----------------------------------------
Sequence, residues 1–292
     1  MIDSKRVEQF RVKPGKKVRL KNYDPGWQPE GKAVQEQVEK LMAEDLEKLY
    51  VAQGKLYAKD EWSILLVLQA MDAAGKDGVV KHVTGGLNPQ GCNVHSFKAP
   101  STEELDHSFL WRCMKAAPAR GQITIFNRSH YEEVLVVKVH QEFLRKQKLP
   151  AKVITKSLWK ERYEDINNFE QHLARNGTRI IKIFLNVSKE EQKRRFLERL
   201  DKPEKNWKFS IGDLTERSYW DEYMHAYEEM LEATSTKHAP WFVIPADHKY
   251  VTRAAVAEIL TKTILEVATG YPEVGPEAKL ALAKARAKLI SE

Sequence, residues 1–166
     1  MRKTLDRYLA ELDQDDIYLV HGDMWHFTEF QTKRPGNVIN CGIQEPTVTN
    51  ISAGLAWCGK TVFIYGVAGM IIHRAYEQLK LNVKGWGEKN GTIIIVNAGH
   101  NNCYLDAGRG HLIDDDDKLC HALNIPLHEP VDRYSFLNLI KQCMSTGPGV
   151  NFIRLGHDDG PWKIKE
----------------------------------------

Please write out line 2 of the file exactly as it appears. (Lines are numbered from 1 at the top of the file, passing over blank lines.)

     1  MIDSKRVEQF RVKPGKKVRL KNYDPGWQPE GKAVQEQVEK LMAEDLEKLY